One of my favorite, favorite, favorite things at Maryhill is the Théâtre de la Mode exhibit. I am lifting the description from the Maryhill web site to explain what it is:
The fashions of post-World War II France are highlighted in this 1946 exhibit, which shows one-third human size mannequins wearing fashions created by the country’s finest designers. After their premiere in Paris they toured Europe then America. The last stop of the original 1946 international tour of Théâtre de la Mode was San Francisco where the mannequins remained until the early 1950s. At that time they were acquired by Maryhill Museum of Art. They went on a second world tour in the 1990s visiting Paris, New York, Baltimore, Portland and Tokyo.
Nine different stage sets create elaborate backdrops for the mannequins as they display both casual and formal wear of the day. Each year, three of the nine sets are on display.
As you enter the exhibit there are two life-size dresses you can pose behind. It didn't take much to persuade Gerrie to pose! She is always dressed in the latest fashion.
Our last stop, not counting the gift shop, was the sculpture garden, which was a joy to wander through on such a beautiful day. Suzy commented that this piece reminded her of her pilates class.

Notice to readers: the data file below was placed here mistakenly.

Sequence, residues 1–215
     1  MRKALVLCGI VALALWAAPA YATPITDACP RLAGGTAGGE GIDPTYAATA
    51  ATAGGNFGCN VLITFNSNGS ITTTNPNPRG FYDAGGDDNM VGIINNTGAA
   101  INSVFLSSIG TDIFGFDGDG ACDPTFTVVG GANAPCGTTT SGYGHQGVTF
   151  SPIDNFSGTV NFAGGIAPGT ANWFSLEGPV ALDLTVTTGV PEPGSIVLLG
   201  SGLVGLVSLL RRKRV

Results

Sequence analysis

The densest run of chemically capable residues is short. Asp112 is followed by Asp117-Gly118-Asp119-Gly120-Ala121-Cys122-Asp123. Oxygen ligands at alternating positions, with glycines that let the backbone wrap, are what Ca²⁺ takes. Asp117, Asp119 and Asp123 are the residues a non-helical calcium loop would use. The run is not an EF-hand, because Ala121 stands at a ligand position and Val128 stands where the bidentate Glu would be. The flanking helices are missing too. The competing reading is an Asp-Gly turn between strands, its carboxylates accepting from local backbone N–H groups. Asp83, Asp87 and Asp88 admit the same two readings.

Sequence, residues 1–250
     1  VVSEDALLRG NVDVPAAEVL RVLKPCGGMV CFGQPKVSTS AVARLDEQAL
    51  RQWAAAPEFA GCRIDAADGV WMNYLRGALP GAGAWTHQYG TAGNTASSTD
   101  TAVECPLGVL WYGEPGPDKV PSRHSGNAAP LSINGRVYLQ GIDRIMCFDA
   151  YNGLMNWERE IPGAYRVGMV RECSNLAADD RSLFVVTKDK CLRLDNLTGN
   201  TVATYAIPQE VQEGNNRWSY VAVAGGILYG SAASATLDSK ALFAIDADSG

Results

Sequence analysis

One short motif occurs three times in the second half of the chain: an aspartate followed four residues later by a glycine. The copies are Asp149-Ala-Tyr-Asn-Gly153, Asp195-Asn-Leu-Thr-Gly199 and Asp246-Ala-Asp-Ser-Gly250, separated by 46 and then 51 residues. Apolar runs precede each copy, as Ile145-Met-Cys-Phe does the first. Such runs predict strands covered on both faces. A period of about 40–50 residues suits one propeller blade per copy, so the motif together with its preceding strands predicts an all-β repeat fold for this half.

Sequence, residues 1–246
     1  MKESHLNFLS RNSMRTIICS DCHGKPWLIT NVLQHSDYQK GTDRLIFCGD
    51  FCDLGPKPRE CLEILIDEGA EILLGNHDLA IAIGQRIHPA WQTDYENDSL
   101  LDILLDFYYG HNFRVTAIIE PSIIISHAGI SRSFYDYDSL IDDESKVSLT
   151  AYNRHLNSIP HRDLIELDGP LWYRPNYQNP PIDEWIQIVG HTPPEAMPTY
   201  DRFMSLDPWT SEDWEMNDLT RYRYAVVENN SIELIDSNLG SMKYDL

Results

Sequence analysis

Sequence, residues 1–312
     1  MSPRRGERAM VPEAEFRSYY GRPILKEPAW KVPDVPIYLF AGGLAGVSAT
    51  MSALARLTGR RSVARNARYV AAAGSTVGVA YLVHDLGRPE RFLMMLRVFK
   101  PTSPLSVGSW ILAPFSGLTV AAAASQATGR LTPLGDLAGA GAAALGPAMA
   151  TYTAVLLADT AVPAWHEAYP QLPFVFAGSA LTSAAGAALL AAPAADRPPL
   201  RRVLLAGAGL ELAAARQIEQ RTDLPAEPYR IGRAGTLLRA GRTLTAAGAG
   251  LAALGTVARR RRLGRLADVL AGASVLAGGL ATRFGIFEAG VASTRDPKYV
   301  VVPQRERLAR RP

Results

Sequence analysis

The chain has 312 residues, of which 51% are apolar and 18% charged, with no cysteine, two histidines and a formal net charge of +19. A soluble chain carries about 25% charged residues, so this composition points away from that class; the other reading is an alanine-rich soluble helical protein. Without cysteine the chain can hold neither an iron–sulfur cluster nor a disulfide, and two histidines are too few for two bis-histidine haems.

Today we went to see the movie, The Social Network about the beginnings of Facebook. Really wonderful movie! It was so well-made and a fascinating story. It was my treat for working hard all morning cleaning off my desk. I really am a terrible desk-keeper. It gets piled high and I occasionally go through the piles and get it in shape, but for a long time I have ignored my stacking file setup that was stuffed and overflowing. It collects all the things I think I need handy for—what? I don't know. Things to file. Information I might need. Letters that I'm not ready to throw away. Things that don't have any logical place to be. Newspaper clippings and brochures brought back from here and there. Postcards. Photos. Magazines. Instructions for nature scaping, operating my camera, planting bulbs. Envelopes with addresses I planned to transfer into my address book. Two years worth, I reckon. Amazing how little of it was worth keeping. A little aging of most paper renders it useless pretty reliably. I filed a few things and tossed most everything else.